Chelsea fans should feel proud of Benitez’s hostile reception

Rafael Benitez may feel that three points against Fulham would help win Chelsea fans over.

But, as welcome as a victory in the derby would be, he’s wrong if he thinks the tide of opinion will turn in his favour any time soon.

At half-time against Manchester City, the usual announcement came that the highlights of the first half were about to be shown on the big screens.

Di Matteo did a fine job.

Three or four people around me said “that won’t take long” and they had a point – the clash between the champions of Europe and England was a tedious and sterile affair.

But for me all the highlights of the day had happened by then.

When Roberto Di Matteo was a player at Chelsea, a great midfielder who scored in three Wembley cup finals, he wore the number 16 shirt.

And after 16 minutes of Sunday’s game the fans chanted his name and applauded for 60 seconds, an act of recognition for all he did for us in his Chelsea playing and managerial careers, both of which were cut scandalously short.

About 20 minutes earlier there had been another rousing minute of much-deserved applause for a Chelsea manager who won a European trophy and an FA Cup – the much loved Dave Sexton.

The death of the man who managed the great team of the late 60s and early 70s, the likes of Osgood, Harris, Bonetti, Hollins and Cooke, was announced shortly before kick-off and fans of both clubs rose to pay their respects.

Another highlight for me involved Ashley Cole.

Cole has his much-publicised faults but he has been a fantastic footballer for more than a decade, with much of that brilliant football played at Stamford Bridge.

He is only 31, still fit and still playing excellently. Yet on Friday it was announced he will probably be leaving in the summer. Quite why, I don’t know.

And so, again during the first half, there were long and lengthy chants of Cole’s name and of “Ashley Cole, we want you to stay”.

He heard and acknowledged them, giving a thumbs up to the thousands of fans who were chanting his name.

And what of the man who cheerfully announced Cole’s impending departure? The man who replaced Di Matteo after his shameful sacking? The man who must attempt to emulate Sexton by bringing trophies to Stamford Bridge?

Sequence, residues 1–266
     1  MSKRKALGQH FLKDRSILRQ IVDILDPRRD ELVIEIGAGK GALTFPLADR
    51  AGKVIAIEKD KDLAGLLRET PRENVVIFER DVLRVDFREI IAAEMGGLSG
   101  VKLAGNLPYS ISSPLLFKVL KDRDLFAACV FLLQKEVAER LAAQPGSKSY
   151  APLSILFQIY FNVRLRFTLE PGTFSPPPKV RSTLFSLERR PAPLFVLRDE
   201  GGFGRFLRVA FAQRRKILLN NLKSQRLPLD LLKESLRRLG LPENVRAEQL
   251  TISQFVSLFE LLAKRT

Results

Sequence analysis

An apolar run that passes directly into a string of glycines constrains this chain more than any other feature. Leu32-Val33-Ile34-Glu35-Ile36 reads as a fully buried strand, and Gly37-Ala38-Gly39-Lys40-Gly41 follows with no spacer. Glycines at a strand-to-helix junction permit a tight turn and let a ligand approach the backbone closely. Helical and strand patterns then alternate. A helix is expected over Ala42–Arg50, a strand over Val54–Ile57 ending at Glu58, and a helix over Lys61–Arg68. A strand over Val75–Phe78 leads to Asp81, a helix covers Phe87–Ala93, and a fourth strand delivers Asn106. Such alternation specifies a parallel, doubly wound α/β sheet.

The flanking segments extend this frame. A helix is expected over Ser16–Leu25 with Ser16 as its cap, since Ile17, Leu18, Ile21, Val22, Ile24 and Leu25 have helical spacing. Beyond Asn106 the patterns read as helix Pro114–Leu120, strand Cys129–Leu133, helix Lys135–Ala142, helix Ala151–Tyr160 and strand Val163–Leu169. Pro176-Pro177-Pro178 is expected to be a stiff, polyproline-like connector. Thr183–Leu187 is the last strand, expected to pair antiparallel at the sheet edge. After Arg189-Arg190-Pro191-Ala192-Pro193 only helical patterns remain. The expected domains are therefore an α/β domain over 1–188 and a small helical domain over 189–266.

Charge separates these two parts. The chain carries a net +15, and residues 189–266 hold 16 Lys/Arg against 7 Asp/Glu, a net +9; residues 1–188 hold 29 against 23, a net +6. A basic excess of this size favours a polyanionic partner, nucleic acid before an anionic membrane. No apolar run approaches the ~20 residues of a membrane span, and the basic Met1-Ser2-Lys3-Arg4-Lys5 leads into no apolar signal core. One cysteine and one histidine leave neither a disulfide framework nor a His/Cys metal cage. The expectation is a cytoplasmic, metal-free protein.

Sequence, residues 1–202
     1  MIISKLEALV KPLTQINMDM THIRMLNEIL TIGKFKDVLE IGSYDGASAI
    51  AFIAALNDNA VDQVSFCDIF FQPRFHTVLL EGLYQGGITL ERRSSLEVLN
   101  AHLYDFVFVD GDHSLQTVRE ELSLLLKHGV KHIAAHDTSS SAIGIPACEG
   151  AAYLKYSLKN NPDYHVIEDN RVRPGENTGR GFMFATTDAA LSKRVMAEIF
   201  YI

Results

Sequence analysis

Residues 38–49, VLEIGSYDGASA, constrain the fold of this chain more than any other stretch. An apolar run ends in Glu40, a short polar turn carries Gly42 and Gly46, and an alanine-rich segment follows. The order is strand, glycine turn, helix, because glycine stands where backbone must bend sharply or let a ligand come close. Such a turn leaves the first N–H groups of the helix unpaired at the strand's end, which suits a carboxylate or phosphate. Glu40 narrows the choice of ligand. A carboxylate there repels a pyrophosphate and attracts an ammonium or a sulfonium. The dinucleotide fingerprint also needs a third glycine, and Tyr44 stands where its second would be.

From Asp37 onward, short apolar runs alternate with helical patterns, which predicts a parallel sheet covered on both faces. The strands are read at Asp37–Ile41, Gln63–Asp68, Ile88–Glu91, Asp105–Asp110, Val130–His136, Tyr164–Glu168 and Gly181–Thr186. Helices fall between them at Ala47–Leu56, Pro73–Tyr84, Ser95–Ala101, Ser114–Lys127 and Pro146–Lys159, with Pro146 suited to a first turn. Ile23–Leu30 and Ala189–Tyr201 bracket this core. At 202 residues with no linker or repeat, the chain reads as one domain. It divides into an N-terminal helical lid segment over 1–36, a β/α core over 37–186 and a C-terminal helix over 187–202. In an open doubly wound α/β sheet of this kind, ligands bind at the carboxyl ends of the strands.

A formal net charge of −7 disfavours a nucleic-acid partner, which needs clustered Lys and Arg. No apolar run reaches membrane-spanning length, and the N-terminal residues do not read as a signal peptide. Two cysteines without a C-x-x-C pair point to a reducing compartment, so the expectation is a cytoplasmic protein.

Benitez was also given an emphatic reception by the Chelsea fans – but a very different one.
He was greeted by deafening boos and jeers from close to 40,000 people.

It lasted until the moment came to honour Sexton and had it not been for that necessary interruption I wonder if the booing would still have been going on when the match started. It wouldn’t have surprised me.

Sexton was much loved.

As it happened, as the teams kicked off Di Matteo’s name was being sung. Another way of making the point.

And while some people will not like it, Benitez’s reception – the boos, the chants of “we want you to go” or “you’re not welcome here” during the game, the banners and signs reading ‘RAFA OUT’ seen around the stadium – were another highlight for me.

It was bad enough that Di Matteo, a Chelsea legend, a dignified man who understood the club and its fans and who had brought unprecedented glory just six months earlier, had been sacked. But for him to be replaced by Benitez, a man who has none of the traits which make Di Matteo so popular, was shameful.

As the boos, jeers and banners showed, Benitez is massively unpopular among Chelsea fans.

It’s not just that he managed Liverpool at a time when there was huge animosity between the clubs, nor that he has a reputation for playing negative football, nor his general pompous demeanour.

This is a man who five years ago said he could never bring himself to manage Chelsea and openly criticised the fans, questioning their passion. And the fans have not forgotten.

When you support a club which goes through managers as rapidly as Chelsea, you have to have a certain level of pragmatism about comings and goings.

We accepted, however reluctantly, the sackings of trophy winners Gullit, Vialli, Mourinho and Ancelotti, and gave their replacements a fair chance (even if the owners who brought them in ultimately didn’t).

But the arrival of Benitez is too much. And the fans, rather than shrug and move on as we’ve had to in the past, let it be known.

The arrival of Benitez is nothing, for example, like the appointment of Avram Grant to replace Jose Mourinho.

Grant was an odd choice and not a popular one but he was a completely new face to us – not a man who had openly slagged us off just a few years before.

Benitez says he thinks he can win the Chelsea fans over. If he does it will be quite an achievement.

We are more than happy to praise people to the hilt when they have earned it – as was shown with Cole, Di Matteo and Sexton. But Benitez is not in their league.

And the fact we let him know it, rather than just turn a blind eye, was a source of pride for me

Maybe Chelsea fans don’t lack passion after all, Rafa?

James Clarke is the author of Moody Blues: Following the second-best team in Europe

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